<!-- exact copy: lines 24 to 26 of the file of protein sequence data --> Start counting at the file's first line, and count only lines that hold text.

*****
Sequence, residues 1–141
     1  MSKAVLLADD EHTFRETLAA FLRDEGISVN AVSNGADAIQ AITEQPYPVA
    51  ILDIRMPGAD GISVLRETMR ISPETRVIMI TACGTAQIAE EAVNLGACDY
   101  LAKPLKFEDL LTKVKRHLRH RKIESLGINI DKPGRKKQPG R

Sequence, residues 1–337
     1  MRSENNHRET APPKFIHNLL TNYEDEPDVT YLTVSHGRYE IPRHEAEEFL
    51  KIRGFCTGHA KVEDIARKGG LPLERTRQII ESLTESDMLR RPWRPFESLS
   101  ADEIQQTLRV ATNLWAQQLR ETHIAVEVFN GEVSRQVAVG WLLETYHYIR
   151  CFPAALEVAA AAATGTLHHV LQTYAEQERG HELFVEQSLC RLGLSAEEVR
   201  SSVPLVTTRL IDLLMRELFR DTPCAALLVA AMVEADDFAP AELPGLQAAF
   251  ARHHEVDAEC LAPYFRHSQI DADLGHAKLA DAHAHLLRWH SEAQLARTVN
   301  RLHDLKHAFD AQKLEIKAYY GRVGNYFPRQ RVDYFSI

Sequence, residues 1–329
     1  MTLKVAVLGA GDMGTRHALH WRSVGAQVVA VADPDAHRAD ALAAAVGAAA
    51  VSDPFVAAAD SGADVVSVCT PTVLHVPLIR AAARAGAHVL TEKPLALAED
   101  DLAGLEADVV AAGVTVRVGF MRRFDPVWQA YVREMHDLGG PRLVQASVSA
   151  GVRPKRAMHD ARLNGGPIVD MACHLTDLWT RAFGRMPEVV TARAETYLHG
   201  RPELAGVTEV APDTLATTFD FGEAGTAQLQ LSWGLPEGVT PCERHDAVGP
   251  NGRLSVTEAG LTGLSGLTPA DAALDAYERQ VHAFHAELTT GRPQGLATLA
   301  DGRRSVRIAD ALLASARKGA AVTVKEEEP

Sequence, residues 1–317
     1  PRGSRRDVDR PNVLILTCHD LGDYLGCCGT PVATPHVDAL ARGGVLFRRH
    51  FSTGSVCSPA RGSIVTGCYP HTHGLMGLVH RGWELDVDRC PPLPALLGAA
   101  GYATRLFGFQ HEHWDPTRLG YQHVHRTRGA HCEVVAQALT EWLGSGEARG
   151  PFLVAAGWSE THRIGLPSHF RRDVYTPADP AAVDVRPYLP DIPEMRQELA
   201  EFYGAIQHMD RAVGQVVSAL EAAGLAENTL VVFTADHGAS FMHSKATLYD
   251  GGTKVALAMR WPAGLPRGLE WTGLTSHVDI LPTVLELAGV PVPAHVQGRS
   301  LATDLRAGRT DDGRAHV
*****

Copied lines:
   101  GYATRLFGFQ HEHWDPTRLG YQHVHRTRGA HCEVVAQALT EWLGSGEARG
   151  PFLVAAGWSE THRIGLPSHF RRDVYTPADP AAVDVRPYLP DIPEMRQELA
   201  EFYGAIQHMD RAVGQVVSAL EAAGLAENTL VVFTADHGAS FMHSKATLYD